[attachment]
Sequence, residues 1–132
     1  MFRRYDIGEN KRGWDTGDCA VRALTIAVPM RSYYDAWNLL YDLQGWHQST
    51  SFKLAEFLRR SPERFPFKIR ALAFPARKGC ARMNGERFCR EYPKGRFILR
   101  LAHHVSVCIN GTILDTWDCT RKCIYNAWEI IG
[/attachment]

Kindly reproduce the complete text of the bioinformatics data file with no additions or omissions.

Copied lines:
Sequence, residues 1–132
     1  MFRRYDIGEN KRGWDTGDCA VRALTIAVPM RSYYDAWNLL YDLQGWHQST
    51  SFKLAEFLRR SPERFPFKIR ALAFPARKGC ARMNGERFCR EYPKGRFILR
   101  LAHHVSVCIN GTILDTWDCT RKCIYNAWEI IG